Modern Society Has 'Destroyed' Family Bonds And Community Life, Says Former Archbishop

The automobile has left the elderly generation behind, said the 80-year-old former Archbishop of Canterbury Lord Carey on Wednesday.

Old patterns of family life were "hollowed out" as communities became scattered by improved modes of transport and new career patterns, he said according to the Telegraph. Carey spoke with nostalgia at a conference on ageing Britain about his working-class upbringing that "revolved around the older generation".

Lord Carey of Clifton is a peer in the House of LordsSimon P Caldwell

He said respect for older people had declined because people were no longer taught the 10 Commandments.

Carey, a controversial proponent of assisted suicide, said the fifth commandment – "honour your father and mother" – once meant communities believed in "primacy of the elderly".

He told the conference in Westminster hosted by think-tank the International Longevity Centre:

"I remember growing up as a boy in the East End of London, in a cockney family, the close-knit communities that marked working class culture. There was a remarkable symbiosis between the different ages. Life revolved around the older generation with my mother's mother as the matriarch at the centre of the family.

"Now perhaps there still exists that pattern of family life in some parts of northern England and maybe in some of the newer communities, Pakistani, Bangladeshi, that are springing up around us. But in the main strong community life has been hollowed out by the car, by younger people seeking work elsewhere, by job opportunities and so on. Family cohesiveness has been destroyed as a result.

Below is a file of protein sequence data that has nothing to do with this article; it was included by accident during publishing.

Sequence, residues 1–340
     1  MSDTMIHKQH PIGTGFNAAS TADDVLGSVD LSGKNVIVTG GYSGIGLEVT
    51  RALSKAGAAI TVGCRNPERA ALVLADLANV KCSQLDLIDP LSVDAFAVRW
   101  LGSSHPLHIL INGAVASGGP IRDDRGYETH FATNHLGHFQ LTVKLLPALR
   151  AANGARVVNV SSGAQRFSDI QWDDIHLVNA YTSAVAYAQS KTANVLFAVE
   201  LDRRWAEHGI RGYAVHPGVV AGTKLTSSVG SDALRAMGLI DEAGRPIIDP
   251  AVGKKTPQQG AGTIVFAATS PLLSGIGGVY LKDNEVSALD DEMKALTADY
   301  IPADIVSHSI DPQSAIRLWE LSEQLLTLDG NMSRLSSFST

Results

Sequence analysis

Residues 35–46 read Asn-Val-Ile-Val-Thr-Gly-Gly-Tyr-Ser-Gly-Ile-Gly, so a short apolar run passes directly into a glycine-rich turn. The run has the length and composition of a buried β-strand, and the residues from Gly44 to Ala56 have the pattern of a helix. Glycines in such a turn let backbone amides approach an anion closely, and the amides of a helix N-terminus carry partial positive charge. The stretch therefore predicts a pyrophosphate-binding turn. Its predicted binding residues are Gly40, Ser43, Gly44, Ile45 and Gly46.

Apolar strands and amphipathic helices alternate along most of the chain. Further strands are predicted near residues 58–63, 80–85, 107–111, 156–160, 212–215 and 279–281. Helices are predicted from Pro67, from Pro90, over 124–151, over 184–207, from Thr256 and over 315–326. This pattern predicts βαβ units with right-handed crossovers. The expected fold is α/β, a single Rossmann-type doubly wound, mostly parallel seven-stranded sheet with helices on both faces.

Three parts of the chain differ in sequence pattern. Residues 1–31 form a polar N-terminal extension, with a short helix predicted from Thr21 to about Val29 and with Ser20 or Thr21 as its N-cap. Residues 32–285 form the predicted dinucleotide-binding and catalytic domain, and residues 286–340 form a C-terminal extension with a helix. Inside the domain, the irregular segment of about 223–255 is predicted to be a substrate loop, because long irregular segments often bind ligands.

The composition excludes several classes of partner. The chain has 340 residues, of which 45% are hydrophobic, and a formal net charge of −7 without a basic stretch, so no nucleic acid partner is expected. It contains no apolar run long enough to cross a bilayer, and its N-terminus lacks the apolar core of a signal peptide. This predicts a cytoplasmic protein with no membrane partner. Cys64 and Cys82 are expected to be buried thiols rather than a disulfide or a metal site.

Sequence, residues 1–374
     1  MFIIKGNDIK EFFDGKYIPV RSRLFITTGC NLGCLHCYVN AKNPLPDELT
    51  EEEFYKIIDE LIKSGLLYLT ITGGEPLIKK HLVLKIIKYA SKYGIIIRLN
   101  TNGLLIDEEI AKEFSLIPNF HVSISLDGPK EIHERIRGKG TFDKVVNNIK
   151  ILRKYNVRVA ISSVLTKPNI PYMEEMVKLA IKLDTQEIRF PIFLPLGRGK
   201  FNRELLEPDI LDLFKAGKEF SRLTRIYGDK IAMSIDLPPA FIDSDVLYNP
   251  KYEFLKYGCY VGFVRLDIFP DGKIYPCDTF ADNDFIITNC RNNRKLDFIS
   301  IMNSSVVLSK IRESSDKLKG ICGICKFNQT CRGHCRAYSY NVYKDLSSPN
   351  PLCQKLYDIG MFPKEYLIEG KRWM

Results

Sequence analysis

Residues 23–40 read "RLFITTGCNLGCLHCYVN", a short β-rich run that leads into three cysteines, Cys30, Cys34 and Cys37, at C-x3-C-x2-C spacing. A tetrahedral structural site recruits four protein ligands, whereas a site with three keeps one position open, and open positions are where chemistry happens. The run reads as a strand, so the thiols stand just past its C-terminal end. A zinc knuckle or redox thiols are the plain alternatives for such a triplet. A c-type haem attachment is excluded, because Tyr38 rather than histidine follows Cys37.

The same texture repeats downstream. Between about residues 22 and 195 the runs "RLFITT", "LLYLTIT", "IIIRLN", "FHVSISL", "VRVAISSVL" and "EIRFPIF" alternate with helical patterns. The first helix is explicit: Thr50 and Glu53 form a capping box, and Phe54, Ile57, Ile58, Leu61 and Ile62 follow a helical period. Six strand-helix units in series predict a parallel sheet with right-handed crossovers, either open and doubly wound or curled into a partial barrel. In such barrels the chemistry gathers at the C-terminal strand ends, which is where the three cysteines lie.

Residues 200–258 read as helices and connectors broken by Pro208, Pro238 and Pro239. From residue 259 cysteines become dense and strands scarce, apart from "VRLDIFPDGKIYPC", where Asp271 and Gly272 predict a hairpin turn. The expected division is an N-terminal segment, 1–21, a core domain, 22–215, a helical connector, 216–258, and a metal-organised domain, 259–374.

"Of course I don't want to sentimentalise or romanticise a long-ago age when communities were more stable."

He said there were now two contradictoryapproaches towards the elderly: "On the one hand ageing is seen as a loss, a decline from the best of life a major demographic problem, a drain on the economy to the other view that it is seen as a time of maturity and wisdom, a release from the stress of working life, self-fulfilment, serenity and [a time] to develop and pass on knowledge to another generation," he said.

"In Christian and Jewish thinking the primacy of the elderly stems from the Fifth Commandment, honour thy father and thy mother, and in the teaching of Jesus love thy neighbour as thyself."